Canadian law to date has never recognized a legal right of employees in a minority union to strike. If a handful of Google workers in a minority union employed in Canada went on strike to protest working conditions, they could all be fired. There may be some exceptions to this though. For example, in the public sector, it is now an open question whether the recently recognized Constitutional right to strike protects a right to strike outside of a majority, certified trade union.
Also, a tribunal in Ontario recently hinted that the Agricultural Employees Protection Act may make dismissal of employees in a minority union for engaging in a strike over working conditions unlawful. The statute doesn’t include an explicit right to strike, but it does impose a limited duty to bargain on agricultural employees to ‘bargain’ with minority unions, a rarity in Canadian labor law, and the questions arises what should happen if the employer refuses to bargain or an impasse is reached and the workers’ walk off the job. In MedReleaf, the tribunal suggested it might have the power to order reinstatement of employees dismissed for striking. That case is working its way up the judicial ladder.
The question remains, what is the point of a minority union? What can it realistically achieve?
Although they will not be able to negotiate a contract, the Alphabet Workers Union can use other tactics to pressure Google into changing its policies, labor experts said. Minority unions often turn to public pressure campaigns and lobby legislative or regulatory bodies to influence employers.New York Times, “Hundreds of Google Employees Unionize, Culminating Years of Activism”
There is good reason to question whether much will come of the Google minority union given its at present minuscule level of support. Collective action at work cannot be disassociated from bargaining power and a union representing .001 of workers has little such power. The effectiveness of collective voice at work will always been a function of power and law can only do so much to alter that reality.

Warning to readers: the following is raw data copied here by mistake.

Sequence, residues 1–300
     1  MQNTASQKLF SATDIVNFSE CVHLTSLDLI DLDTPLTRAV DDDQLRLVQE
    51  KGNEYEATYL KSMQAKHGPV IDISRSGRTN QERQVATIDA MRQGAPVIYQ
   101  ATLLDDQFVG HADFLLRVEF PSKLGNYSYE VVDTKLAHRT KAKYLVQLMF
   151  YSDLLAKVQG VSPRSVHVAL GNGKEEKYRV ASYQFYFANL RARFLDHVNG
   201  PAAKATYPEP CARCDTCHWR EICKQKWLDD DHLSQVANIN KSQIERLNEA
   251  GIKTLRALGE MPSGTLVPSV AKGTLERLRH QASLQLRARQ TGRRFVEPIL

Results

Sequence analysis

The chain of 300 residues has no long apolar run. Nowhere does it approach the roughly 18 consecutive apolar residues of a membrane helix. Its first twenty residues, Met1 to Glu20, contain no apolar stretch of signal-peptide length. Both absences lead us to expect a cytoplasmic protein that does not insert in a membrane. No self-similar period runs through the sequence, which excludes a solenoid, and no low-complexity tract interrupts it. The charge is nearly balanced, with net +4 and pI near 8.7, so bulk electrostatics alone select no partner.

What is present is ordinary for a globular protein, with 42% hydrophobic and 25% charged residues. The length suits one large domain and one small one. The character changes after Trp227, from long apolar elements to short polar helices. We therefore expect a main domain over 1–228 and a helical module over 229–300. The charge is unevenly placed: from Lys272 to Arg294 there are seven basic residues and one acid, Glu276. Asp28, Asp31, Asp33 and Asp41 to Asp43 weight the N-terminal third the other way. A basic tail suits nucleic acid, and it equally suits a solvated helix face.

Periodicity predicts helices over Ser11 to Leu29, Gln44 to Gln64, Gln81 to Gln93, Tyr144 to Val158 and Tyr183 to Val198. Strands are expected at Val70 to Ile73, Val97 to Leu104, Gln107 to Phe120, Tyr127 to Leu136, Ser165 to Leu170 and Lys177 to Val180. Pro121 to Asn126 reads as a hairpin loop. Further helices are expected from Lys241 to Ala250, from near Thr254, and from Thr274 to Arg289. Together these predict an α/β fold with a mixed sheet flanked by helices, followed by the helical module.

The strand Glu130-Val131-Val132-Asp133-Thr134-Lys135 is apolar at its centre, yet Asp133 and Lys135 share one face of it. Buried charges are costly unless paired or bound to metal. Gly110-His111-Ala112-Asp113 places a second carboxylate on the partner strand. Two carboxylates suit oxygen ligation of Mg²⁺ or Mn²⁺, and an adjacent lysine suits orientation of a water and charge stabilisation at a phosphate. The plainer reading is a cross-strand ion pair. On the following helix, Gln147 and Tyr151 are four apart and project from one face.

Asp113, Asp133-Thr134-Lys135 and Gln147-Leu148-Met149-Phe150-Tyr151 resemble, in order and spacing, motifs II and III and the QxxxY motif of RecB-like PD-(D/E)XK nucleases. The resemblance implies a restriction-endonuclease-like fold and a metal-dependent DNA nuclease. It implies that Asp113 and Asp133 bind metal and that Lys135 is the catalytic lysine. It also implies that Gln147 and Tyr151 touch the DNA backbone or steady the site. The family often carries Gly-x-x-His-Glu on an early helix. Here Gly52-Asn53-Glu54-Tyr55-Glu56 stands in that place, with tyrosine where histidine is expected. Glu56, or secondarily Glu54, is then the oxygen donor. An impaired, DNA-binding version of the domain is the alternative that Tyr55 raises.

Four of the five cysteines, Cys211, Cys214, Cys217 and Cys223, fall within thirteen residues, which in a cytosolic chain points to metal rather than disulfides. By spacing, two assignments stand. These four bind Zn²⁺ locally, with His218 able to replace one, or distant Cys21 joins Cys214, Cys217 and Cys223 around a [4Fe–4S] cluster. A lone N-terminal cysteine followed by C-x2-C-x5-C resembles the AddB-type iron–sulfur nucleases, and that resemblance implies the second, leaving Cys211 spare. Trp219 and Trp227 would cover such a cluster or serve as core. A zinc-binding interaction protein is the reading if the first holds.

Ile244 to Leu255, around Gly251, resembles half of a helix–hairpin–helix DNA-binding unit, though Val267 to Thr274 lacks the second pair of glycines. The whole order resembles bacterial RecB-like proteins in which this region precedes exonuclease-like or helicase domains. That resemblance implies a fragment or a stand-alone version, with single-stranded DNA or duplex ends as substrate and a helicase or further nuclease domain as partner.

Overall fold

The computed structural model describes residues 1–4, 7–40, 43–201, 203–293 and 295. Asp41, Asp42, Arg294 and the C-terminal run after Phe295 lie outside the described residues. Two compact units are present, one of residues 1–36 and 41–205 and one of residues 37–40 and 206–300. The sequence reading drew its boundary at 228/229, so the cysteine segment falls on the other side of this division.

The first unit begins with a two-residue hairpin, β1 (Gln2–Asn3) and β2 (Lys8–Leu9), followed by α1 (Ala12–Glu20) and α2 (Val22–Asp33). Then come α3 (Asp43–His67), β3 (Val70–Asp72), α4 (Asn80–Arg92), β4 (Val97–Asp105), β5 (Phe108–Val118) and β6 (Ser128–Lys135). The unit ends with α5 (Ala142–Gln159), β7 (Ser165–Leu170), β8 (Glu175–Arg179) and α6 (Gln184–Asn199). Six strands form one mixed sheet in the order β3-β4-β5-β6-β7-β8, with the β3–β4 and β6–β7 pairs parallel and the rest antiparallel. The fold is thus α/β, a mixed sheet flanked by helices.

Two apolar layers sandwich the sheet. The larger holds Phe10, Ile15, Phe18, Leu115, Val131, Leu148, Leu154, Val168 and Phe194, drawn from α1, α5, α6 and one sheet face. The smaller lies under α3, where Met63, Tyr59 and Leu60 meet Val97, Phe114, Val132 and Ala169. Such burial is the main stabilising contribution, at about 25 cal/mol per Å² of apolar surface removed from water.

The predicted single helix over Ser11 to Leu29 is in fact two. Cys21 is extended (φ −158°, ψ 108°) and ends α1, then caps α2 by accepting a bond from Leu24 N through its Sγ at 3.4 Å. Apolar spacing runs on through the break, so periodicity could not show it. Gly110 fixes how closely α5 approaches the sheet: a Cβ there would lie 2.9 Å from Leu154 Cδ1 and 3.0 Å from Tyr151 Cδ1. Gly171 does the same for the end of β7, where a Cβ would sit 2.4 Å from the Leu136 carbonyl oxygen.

Nearly a decade ago, I published a paper that argued in favour of a legal regime that recognized certain legal rights for minority unions and workers represented by them. I called that model ‘graduated freedom of association’. The basic idea was that we should preserve the Wagner Model of majority collective bargaining because it works well in some sectors, but also graft onto that model a secondary set of legal rights and responsibilities for minority unions, including a duty to bargain over working conditions in ‘members only bargaining’. More recently, the same idea of “graduated rights” appeared as a central element in Harvard Law School’s “Clean Slate for Worker Power” report.
I believed back then, and I still believe, that Canadian collective bargaining rights should not consist entirely of a unitary model in which the only way to obtain collective representation at work is through a majority trade union. Smart unions and other worker associations should be able to harness the support of 40 percent of workers in a workplace or in an industry into something of value in terms of collective representation, backed by some legal protections, as I argued in my older paper.
Time will tell whether the new minority union at Google is the beginning of something important or another interesting but ultimately failed experiment in expanding collective bargaining to the masses.
David Doorey, “What is a Minority Union?” Canadian Law of Work Forum (January 4 2021): http://lawofwork.ca/?p=13196